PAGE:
This is how you came to be (an IVF Story)…
Having spent weeks wondering when I should start documenting the experience for your future records, like telling friends or writing it all down somehow curses it. Maybe it does. It does put it out there to the universe, that’s always waiting to crumple up your dreams and throw them in the wastebasket. Let’s fly in the face of that black hole and get started…
I spent the first year of fertility treatment getting a few IUI’s. They first bring you in and examine your pipes, to make sure there are no obstructions, and everything is in good order to continue. Makes sense. Let me tell you! That exam where they check your tubes is so painful. A coworker of mine who went through this process as well agreed that it was like birth pain. I am not looking forward to that!
IUI’s are interesting. You have to take medications for a few days to build up your eggs, and then get a shot to release them. In the interim, they do intravaginal ultrasounds to check your lining and ovaries. It’s moderately invasive, comparatively speaking. Relatively painless, keeping in mind that I had to select the sperm of a man I didn’t know, and suffer losing my choice until the one. That genetic material is placed inside you, and you can imagine how anxious I was made thinking of that. God help me, but I was a romantic most of my life believing in the finding of true love and lasting forever with the right one. Probably that is why I am still single as I move toward brining you into this world. I still think the right one is out there, but I was wrong that he’d be your dad.
Your dad is an anonymous donor ####. He was born in Russia and immigrated to the United States to go to school out West. At the time, he was a PhD candidate. I’m sorry he wasn’t interested in contact later, but neither was I. My reasoning was, I don’t want attachments for either of us, because I have no idea who this person is. Experience told me that this was the wisest course of action. Me and this fella were on the same page. Hopefully he’s not an ass hole or weird. I was interested in his brain and passing that intellectual level onto you. My own IQ is pretty high (145), and I wanted my girl to have the best possible chance of having the world as her oyster. You’ll see all too soon, even though I hope things will change by the time you’re old enough to read this, why this was on my mind. In 2017, we’re still fighting for equality. We’re told we’re asking too much and too entitled. I guess wanting to be safe from sexual assault is too much to ask most folks.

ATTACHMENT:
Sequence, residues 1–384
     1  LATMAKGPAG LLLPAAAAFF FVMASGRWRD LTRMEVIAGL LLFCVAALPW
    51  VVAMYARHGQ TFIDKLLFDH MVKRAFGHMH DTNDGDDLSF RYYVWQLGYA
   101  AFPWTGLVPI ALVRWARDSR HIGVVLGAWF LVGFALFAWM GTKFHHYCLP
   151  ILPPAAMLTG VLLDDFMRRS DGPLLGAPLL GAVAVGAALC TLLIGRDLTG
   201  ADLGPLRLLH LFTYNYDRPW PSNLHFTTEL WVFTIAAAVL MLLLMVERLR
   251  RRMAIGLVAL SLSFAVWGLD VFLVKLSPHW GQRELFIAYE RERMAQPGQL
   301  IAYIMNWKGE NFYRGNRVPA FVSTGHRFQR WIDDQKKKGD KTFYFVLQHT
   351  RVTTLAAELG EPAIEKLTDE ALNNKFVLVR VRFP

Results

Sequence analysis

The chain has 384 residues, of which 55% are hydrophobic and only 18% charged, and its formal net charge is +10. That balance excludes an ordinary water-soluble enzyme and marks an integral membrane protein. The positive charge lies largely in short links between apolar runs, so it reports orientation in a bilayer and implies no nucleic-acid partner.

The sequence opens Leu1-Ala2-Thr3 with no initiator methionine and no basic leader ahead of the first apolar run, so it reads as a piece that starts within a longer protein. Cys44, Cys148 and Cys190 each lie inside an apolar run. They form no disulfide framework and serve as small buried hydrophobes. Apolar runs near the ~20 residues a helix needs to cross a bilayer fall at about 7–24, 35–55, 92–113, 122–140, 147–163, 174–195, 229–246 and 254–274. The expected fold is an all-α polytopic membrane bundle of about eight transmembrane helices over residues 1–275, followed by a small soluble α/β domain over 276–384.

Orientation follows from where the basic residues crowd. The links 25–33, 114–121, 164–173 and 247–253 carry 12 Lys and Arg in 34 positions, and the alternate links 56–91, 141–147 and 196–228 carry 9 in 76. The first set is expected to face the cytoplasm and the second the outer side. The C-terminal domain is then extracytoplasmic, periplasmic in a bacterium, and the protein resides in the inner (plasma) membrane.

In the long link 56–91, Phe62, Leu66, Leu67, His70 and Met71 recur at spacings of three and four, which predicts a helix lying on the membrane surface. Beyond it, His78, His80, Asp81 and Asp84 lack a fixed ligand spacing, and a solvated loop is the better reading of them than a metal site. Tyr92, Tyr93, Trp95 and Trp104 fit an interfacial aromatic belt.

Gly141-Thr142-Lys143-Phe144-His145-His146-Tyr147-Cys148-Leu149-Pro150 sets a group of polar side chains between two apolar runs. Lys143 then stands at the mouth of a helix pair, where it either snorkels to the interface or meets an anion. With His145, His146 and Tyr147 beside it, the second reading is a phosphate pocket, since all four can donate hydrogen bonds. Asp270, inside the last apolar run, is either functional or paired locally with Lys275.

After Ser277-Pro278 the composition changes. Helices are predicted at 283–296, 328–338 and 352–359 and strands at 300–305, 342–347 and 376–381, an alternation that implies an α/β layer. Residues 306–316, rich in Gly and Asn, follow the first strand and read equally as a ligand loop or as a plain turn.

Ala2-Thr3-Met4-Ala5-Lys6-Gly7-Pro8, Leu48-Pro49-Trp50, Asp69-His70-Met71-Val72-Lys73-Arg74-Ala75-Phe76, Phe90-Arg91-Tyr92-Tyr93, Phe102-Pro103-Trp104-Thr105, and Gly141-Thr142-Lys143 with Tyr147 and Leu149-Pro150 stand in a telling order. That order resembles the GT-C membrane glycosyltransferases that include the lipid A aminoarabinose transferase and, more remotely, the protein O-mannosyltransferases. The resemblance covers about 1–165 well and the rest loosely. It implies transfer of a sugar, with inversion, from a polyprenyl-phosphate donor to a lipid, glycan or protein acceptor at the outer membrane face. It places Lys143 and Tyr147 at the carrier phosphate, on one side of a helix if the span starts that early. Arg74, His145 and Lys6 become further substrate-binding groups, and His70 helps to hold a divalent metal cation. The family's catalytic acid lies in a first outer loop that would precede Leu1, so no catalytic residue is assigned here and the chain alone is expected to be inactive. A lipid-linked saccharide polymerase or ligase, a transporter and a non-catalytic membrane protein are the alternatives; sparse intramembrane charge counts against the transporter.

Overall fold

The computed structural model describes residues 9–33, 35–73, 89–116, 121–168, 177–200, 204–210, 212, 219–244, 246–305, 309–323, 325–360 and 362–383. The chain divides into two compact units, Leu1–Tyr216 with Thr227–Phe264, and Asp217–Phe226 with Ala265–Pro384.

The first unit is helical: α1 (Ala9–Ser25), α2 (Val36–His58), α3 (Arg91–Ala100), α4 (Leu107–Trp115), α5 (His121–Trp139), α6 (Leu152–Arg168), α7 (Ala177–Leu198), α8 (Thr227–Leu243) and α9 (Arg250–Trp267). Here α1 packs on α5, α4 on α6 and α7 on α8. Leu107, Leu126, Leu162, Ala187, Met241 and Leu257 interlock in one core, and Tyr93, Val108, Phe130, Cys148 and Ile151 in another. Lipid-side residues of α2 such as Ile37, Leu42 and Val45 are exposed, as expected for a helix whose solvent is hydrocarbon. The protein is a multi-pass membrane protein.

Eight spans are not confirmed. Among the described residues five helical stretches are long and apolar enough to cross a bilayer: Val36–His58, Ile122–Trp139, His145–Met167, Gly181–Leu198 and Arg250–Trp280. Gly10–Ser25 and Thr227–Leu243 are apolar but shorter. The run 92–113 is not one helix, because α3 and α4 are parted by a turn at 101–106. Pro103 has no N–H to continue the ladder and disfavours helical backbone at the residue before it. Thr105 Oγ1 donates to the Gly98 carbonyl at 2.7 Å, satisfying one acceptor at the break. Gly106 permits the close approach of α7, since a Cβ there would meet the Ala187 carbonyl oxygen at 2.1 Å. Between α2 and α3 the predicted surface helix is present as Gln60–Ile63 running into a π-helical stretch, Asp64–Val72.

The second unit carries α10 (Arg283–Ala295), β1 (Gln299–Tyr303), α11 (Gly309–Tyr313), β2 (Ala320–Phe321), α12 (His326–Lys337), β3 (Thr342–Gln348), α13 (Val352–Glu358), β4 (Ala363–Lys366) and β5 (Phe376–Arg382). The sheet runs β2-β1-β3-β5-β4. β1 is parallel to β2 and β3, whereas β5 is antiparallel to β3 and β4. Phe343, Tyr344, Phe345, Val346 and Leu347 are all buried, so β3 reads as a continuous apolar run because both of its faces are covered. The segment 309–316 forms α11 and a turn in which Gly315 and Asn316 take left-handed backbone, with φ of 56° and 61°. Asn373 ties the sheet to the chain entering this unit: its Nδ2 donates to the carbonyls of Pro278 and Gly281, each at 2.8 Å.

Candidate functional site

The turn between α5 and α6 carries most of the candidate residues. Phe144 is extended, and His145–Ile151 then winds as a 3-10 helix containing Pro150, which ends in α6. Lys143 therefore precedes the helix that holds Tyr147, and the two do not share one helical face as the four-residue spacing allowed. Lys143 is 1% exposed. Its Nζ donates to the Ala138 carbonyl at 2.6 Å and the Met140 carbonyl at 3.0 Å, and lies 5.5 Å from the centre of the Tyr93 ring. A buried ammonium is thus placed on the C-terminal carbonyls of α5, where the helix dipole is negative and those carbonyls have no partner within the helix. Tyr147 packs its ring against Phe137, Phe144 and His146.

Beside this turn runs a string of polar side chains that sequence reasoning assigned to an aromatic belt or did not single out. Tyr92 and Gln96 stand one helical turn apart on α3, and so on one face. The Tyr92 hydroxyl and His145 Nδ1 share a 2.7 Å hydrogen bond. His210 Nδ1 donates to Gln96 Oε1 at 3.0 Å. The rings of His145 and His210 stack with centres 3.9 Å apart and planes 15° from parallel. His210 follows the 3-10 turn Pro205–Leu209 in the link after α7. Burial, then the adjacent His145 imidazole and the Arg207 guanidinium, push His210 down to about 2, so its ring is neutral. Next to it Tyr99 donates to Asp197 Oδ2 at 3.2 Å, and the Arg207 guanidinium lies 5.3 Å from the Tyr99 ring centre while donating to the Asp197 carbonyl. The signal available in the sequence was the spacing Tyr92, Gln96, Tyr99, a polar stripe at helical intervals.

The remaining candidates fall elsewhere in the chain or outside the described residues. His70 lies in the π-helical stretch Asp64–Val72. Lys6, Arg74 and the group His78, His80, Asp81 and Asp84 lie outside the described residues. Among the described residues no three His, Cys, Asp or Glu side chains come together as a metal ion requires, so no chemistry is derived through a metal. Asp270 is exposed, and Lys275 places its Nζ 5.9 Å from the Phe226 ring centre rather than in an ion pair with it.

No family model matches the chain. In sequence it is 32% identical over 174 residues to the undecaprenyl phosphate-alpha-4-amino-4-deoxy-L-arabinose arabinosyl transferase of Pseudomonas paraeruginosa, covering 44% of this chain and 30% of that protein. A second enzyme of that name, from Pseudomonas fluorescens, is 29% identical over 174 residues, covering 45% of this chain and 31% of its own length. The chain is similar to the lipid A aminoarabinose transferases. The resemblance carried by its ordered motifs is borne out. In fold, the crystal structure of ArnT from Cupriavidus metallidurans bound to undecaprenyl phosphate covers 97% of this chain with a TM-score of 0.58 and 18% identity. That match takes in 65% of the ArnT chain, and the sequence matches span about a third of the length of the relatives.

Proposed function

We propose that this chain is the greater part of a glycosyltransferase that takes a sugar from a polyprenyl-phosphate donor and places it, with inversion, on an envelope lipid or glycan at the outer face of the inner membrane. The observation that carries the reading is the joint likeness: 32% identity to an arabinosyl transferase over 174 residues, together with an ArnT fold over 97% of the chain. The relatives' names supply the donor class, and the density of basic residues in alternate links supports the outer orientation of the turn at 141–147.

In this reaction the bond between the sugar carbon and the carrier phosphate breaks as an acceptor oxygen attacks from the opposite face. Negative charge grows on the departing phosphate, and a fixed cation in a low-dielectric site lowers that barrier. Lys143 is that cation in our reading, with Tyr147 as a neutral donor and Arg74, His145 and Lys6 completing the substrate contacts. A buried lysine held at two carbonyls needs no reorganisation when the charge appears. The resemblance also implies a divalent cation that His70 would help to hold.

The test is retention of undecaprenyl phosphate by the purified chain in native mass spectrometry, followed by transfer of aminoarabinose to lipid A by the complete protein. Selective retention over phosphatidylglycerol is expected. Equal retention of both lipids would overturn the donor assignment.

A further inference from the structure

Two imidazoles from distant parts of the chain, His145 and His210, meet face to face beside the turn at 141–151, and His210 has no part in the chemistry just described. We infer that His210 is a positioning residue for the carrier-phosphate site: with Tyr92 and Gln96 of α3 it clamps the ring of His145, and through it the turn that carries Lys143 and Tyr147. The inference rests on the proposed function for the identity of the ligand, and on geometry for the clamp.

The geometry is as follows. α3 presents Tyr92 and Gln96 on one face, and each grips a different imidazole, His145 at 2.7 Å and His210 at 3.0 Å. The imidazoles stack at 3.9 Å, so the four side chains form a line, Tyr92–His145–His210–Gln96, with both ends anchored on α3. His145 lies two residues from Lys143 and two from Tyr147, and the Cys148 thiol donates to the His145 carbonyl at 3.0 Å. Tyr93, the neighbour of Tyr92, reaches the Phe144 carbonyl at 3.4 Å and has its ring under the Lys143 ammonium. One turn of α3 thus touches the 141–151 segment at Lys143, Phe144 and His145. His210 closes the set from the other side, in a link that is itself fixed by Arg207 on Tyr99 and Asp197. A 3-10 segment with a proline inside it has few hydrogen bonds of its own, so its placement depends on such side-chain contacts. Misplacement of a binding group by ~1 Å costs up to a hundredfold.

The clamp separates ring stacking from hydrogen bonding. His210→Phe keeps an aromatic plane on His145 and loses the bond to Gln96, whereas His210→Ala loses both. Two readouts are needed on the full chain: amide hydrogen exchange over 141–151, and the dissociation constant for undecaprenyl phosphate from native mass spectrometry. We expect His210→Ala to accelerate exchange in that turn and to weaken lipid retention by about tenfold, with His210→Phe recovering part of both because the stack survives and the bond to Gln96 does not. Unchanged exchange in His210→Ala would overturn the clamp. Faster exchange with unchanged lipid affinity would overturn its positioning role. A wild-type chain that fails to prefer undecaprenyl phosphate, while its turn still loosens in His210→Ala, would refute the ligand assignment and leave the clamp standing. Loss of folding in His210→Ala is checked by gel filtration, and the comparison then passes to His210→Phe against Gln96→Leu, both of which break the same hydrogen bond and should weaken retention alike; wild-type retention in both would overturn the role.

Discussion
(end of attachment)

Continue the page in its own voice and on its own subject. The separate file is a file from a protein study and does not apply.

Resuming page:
Back to the IUIs…I attended my local fertility center, and met some amazing nurses. Rebecca stands out highly for me. She supported me through a rough patch in this journey, when an IUI resulted in a blighted ovum and I eventually miscarried. (It was right when I was supposed to be starting a new job, a promotion in the State. A double whammy for my double depression cure.)
After that miscarriage, I took a couple months to feel better, save a little more cash, because this was way expensive to undertake even with insurance. I had to find a new donor, and that is when our donor came up. At this point, I thought it was really wise to go with IVF now. This allowed for genetic testing of the embryos created, and unless they were all good, they wouldn’t be put back, limiting my chances of having another miscarriage.
3 retrievals later, I had but one embryo, and that was you. The others were nonviable, deteriorating or genetically abnormal. I learned from that test that you were a girl. I sounded like Goldie Hawn in Overboard when the doctor told me. I remember hearing him smile and chuckle over the other end when I repeated, “A little girl?” obviously tearing up. A boy would have been neat to have because of carrying on the family name, but a little girl was a deep challenge for me; a great responsibility.
Growing up, I experienced abuse by someone our family had trusted and by boys slightly older than me, but then I met someone at college who took the cake on them all. In the end, I wrote my trilogy and felt that this was a sign of healing. But the journey through was hard, and I still have much else to heal. You feel all sorts of negative, self-blaming emotions. You have to rebuild and realize that not a thing is or ever was wrong with you, that it was those monsters who stole your choices and betrayed you to commit their violence. My responsibility now is to make sure nothing of the like EVER happens to you, my girl. God help anyone who tries. I will raise a warrior, a genius, and a lionheart. I will do all I can to prepare you.